His shoulders shot back just a little more. “Don’t be ridiculous.”
“I’m not being ridiculous. I’m being objective. Or at least I’m trying to be objective. So, being objective…” I stood and did a turn around the mausoleum, carefully avoiding that gaping hole in the floor. “Here’s what I think. I think this might have played out in a couple different ways. Number one, when the killer arrived, Vera’s date might have just left. She’s already changed out of her play clothes and she’s back in her everyday duds and getting ready to head back home. When there’s a knock on the door, she naturally assumes it’s her lover. After all, he hasn’t been gone all that long.”
Lamar’s eyebrows rose, and I knew a question was going to follow.
“The jelly bracelets,” I said, fingering my own arm as if I had a mess of them on. “She’d changed her clothes, but she hadn’t had a chance to take off the bracelets yet.”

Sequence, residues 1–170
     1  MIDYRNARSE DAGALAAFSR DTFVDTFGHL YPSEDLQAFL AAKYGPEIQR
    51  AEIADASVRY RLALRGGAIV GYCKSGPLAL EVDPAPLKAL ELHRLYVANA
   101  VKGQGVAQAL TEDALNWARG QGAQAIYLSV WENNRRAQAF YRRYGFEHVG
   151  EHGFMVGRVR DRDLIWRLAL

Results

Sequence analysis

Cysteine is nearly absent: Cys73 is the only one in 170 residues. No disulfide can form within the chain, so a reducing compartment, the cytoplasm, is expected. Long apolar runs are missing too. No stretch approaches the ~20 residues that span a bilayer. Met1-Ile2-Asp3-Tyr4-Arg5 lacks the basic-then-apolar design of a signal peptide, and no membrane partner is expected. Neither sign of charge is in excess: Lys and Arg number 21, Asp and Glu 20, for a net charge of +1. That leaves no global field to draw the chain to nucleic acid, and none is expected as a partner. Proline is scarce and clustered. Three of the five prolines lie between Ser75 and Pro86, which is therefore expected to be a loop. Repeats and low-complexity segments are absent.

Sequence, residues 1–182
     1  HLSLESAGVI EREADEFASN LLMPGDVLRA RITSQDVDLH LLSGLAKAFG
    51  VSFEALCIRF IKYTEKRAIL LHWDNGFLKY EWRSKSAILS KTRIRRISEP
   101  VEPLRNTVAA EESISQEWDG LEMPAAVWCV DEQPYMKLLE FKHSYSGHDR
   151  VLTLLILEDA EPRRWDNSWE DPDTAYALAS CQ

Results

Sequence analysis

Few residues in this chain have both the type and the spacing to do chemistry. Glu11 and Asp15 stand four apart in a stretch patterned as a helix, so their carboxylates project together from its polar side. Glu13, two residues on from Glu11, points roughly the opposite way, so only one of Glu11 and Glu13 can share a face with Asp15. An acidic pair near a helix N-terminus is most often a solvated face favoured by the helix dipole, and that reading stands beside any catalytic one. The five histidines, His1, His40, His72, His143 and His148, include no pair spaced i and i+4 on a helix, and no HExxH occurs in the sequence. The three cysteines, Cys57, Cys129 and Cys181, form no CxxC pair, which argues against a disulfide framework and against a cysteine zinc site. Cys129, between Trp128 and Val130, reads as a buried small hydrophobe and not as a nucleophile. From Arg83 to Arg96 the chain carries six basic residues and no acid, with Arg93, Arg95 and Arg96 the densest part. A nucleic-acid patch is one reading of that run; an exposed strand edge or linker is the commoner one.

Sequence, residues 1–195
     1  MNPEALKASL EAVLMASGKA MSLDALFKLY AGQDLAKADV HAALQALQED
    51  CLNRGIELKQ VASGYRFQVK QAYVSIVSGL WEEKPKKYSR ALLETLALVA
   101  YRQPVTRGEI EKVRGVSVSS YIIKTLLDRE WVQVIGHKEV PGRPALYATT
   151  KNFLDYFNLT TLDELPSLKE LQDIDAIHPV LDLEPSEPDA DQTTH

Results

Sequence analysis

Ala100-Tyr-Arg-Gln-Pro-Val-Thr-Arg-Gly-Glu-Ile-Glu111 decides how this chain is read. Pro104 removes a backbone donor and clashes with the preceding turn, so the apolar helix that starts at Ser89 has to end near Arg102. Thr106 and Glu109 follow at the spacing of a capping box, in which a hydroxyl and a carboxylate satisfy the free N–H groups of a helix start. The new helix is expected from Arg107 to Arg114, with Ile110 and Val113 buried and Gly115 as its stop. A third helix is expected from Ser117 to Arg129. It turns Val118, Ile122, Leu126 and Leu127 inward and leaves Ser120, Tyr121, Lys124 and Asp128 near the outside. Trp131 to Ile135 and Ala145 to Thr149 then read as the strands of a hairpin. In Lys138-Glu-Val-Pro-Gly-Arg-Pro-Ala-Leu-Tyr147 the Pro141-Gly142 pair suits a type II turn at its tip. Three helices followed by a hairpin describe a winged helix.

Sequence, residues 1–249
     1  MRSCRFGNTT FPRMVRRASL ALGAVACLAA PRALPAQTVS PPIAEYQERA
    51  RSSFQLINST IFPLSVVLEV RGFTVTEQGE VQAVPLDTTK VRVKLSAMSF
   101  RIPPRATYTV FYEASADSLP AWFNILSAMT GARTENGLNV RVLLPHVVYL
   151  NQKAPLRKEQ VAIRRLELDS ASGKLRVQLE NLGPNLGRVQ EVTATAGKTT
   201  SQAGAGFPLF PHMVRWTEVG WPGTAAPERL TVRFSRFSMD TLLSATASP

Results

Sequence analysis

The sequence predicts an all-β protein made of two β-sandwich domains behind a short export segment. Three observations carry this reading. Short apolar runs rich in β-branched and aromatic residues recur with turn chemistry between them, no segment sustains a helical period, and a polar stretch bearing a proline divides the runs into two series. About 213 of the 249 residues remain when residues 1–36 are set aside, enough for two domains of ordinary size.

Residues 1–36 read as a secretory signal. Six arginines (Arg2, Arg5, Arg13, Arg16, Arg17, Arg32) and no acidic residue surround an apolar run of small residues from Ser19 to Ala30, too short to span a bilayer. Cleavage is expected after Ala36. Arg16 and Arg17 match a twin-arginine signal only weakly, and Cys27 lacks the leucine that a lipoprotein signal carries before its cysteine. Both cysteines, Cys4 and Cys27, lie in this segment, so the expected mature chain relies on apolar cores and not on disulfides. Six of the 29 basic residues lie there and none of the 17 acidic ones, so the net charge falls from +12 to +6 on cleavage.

Seeing the logic, he nodded.
“Or,” I said, marching to the far side of the mausoleum, then turning to come back the other way, “or her date hadn’t shown up yet, although…” I hurried over to where I’d left the file and flipped through the crime scene photos again, just to confirm something to myself. “I think he’d already been and gone. See? Look at how the sheets are tossed around. The bed’s definitely been used, and not for sleeping.”
“Really!” Lamar’s lips thinned. “Isn’t it bad enough the press trashed poor Vera’s reputation? Do you have to, too?”
“I have to find out the truth, remember?” I looked him in the eye. “You’re the one who asked me to get involved.”